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California Chrome gets first look at Belmont track

California Chrome gets first look at Belmont track

ALL EYES ON CALIFORNIA:2014 Kentucky Derby and Preakness Stakes winner California Chrome jogs around the track during morning workouts at Belmont Park in Elmont, New York May 21. Photo: Reuters/Shannon Stapleton

NEW YORK (Reuters) – California Chrome on Wednesday took his first steps on to the Belmont race course that could lead him to a place in American horse racing immortality.

Under the guidance of his regular exercise rider Willie Delgado, the Triple Crown contender went on a leisurely jog around the dirt track.

The three year-old showed no ill-effects from his back to back wins in this month’s Kentucky Derby and Preakness Stakes as he prepares for his chance to become just the 12th horse to complete the elusive treble.

“He actually surprised me, how good he was feeling this morning,” his assistant trainer Alan Sherman told reporters.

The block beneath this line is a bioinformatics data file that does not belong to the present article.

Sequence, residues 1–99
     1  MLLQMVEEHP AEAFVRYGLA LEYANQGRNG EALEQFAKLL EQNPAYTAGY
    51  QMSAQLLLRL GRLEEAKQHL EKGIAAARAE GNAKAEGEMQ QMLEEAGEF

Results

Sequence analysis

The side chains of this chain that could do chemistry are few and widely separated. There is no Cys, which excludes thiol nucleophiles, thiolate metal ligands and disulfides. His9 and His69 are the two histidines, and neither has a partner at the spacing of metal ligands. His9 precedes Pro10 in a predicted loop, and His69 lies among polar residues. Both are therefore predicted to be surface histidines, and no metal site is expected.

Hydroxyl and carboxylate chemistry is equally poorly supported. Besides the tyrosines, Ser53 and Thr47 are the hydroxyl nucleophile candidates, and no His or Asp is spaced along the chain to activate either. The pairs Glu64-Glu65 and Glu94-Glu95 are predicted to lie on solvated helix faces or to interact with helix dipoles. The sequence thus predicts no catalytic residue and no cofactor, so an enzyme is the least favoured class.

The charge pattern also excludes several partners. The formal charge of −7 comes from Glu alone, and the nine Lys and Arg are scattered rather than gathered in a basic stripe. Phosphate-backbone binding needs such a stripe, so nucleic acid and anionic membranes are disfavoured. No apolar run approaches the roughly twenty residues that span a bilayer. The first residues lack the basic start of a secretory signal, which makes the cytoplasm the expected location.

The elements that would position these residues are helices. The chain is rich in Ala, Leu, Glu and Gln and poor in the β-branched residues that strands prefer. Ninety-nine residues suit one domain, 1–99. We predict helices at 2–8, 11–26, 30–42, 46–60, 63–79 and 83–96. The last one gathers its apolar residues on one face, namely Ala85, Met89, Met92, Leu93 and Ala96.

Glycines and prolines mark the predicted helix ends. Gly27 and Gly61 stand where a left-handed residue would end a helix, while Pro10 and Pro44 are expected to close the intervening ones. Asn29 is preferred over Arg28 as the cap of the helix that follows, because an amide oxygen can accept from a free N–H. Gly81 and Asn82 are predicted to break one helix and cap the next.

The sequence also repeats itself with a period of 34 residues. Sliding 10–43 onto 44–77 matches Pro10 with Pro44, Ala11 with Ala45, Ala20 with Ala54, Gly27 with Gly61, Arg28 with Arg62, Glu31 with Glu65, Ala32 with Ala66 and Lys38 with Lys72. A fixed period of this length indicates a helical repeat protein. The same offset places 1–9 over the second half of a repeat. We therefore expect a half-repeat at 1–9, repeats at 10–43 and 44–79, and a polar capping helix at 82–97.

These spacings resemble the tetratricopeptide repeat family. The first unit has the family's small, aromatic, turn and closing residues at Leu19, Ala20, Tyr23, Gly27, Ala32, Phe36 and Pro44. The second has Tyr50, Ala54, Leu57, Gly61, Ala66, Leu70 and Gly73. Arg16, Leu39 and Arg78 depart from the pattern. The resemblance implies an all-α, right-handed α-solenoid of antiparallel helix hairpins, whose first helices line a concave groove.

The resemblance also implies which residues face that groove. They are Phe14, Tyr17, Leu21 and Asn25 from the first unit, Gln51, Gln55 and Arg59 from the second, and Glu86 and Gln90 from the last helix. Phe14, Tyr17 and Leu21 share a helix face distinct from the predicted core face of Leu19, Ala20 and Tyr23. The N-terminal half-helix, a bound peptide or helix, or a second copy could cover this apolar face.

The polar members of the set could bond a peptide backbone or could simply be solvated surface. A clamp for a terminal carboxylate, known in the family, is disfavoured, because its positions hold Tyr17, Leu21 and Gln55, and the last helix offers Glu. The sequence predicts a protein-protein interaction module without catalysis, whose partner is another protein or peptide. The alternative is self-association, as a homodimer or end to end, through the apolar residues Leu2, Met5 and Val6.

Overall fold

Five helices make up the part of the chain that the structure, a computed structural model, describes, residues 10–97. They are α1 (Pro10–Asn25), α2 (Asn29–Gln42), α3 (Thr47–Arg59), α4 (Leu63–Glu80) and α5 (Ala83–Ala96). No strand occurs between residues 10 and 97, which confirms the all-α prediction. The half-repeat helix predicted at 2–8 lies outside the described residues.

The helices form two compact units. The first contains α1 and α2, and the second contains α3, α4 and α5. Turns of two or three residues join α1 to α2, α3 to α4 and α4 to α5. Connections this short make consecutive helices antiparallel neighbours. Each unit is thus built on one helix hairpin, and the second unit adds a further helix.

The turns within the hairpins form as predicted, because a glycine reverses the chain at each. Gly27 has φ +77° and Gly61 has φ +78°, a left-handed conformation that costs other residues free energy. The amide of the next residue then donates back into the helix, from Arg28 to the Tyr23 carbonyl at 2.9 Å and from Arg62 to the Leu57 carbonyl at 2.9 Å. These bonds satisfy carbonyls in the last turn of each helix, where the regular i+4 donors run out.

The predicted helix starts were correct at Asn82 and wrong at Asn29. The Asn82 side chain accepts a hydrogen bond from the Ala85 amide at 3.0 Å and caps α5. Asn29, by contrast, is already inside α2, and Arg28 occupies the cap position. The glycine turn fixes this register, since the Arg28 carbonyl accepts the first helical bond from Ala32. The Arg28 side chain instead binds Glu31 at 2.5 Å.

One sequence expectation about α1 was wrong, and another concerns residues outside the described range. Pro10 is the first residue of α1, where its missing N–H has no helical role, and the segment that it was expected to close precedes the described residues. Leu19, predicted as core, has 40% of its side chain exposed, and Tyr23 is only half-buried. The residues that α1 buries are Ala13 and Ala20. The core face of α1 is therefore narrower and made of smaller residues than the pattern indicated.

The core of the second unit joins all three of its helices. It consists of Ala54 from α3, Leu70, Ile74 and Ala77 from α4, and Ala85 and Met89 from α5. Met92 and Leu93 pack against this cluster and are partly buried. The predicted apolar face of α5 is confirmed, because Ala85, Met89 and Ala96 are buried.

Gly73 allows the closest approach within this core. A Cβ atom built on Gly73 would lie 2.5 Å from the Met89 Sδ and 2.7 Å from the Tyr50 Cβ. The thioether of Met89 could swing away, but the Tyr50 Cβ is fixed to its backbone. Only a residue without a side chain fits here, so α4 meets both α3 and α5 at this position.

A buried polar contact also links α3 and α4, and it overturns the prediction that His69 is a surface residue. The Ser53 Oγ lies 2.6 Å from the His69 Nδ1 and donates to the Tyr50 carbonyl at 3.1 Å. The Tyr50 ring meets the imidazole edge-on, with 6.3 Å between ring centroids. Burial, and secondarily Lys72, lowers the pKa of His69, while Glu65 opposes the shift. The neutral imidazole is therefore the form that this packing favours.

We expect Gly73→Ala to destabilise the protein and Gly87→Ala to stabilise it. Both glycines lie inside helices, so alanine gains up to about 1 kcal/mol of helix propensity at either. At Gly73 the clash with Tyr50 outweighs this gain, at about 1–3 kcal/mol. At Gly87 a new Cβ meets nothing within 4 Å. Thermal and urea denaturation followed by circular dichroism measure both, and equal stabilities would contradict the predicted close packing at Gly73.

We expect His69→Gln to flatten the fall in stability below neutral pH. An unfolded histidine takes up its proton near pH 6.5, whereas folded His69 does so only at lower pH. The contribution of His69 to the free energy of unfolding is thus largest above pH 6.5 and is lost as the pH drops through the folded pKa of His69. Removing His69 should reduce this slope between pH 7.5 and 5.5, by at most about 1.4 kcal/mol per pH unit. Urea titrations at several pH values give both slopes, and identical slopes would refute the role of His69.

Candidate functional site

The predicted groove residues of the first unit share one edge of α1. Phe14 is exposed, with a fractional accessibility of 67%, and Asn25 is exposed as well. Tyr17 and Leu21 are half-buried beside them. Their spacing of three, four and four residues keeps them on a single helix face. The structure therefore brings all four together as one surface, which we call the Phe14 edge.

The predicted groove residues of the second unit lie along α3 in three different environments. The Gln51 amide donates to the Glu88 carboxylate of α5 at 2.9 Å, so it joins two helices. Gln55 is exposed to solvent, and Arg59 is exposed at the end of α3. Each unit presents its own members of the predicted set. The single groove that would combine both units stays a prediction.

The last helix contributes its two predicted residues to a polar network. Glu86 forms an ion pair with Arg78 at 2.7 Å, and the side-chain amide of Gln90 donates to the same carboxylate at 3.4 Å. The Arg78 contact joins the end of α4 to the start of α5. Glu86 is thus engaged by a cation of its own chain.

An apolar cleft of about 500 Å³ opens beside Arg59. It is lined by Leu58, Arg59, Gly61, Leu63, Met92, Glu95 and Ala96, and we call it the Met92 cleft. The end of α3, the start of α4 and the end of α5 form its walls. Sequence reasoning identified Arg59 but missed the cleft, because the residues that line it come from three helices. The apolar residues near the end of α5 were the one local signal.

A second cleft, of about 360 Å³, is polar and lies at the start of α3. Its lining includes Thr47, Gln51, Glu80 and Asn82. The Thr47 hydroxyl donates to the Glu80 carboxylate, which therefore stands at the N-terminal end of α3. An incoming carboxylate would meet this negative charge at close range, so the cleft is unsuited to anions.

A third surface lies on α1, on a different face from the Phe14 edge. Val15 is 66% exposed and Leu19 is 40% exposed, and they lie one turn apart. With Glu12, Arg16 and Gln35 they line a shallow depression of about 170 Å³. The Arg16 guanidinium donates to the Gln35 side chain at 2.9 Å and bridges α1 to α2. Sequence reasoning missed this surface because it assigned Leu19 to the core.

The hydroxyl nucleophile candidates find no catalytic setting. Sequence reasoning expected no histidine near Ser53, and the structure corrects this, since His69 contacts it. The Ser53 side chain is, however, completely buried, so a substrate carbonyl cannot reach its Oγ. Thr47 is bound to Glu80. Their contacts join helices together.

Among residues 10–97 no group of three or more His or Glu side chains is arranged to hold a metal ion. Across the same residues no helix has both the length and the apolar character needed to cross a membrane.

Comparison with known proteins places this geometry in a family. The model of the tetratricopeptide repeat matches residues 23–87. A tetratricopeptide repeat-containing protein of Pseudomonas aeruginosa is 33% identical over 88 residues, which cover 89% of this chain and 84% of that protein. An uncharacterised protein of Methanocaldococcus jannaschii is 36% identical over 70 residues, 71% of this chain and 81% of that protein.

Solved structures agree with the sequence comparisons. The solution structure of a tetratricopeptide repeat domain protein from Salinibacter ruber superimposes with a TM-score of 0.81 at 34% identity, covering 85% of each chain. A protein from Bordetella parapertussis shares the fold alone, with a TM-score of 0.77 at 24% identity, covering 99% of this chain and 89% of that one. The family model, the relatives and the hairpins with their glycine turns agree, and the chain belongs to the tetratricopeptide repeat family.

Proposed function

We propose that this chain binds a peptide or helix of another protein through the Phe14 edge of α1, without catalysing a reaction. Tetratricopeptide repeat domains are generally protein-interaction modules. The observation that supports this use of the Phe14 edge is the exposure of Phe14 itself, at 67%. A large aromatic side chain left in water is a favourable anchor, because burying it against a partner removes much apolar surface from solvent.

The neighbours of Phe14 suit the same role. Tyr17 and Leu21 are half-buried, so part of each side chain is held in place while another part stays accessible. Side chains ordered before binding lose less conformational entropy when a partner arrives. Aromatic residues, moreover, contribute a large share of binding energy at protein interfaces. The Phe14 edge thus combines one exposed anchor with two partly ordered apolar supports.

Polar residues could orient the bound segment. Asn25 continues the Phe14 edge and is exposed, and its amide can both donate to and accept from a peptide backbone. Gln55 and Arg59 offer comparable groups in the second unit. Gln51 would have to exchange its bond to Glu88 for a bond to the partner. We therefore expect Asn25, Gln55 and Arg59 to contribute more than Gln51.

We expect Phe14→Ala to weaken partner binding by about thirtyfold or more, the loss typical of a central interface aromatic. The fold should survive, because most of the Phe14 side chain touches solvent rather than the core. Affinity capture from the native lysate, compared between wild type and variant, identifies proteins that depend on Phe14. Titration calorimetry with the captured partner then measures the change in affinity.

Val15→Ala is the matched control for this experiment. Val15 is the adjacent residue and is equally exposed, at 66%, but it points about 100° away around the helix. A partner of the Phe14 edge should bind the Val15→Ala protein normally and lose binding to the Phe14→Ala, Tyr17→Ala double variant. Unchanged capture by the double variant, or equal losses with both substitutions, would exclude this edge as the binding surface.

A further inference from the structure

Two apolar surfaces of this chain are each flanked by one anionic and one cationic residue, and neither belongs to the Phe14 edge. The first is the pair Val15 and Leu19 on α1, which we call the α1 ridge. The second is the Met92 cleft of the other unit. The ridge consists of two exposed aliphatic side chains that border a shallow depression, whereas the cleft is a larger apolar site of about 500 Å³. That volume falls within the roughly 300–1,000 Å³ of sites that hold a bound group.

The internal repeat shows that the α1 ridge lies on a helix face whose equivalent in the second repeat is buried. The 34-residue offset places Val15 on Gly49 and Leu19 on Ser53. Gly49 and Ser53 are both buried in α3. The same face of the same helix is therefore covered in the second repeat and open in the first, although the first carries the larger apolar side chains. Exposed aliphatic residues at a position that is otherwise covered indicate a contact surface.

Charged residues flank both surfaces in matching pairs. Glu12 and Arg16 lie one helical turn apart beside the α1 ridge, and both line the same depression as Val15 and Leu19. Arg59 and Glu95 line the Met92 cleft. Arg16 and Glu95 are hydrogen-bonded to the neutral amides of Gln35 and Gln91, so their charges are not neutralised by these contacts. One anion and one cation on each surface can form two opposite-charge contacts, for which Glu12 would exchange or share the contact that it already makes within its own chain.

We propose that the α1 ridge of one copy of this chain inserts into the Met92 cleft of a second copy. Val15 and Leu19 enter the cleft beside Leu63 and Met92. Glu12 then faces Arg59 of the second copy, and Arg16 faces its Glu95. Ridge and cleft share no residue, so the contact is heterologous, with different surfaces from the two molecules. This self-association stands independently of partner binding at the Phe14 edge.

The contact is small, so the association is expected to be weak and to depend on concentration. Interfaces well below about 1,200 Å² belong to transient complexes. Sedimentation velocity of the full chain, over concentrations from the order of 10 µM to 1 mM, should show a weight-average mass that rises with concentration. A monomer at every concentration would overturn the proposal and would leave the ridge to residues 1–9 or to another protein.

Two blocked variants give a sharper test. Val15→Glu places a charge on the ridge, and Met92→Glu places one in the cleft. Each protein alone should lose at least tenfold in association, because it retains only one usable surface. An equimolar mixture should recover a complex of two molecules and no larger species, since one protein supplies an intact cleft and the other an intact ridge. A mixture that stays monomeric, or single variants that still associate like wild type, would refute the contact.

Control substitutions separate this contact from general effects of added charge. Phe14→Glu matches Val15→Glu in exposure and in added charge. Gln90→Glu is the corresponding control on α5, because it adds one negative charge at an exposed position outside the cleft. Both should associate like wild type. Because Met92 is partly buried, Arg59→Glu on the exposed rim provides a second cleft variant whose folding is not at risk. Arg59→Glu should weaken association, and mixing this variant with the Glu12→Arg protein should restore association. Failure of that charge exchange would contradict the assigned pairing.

“It’s amazing how quick this horse is bouncing back off these big races he’s running.

“He was dragging me around the shed row, he dragged Willie around the track today. He was really feeling good.”

Sherman said California Chrome would start light galloping on Thursday and would only have one serious workout, next week, before the $1.5 million Belmont on June 7.

It has been 36 years since Affirmed won the Triple Crown in 1978 and the final leg is the longest and most exhausting of the three races, held over a mile and a half.

California Chrome is the 13th horse since Affirmed to win the Kentucky Derby and the Preakness Stakes. Twelve of those were beaten in the Belmont while the most recent, I’ll Have Another, withdrew from the last leg with an injury.

Delgado said California Chrome felt better each time he got on board him and he had no doubts the flashy chestnut colt would handle the longer distance.

“After each race he has gotten much stronger. It’s crazy because I have never seen a horse like that,” Delgado said.

“That shows you how fit he is. We don’t have to do anything special, just maintain him. He knows what he’s here for.

“He’s an athlete, he’s a professional. I don’t see a problem with him getting a mile and a half, or winning it.”

(Reporting by Julian Linden, editing by Gene Cherry)

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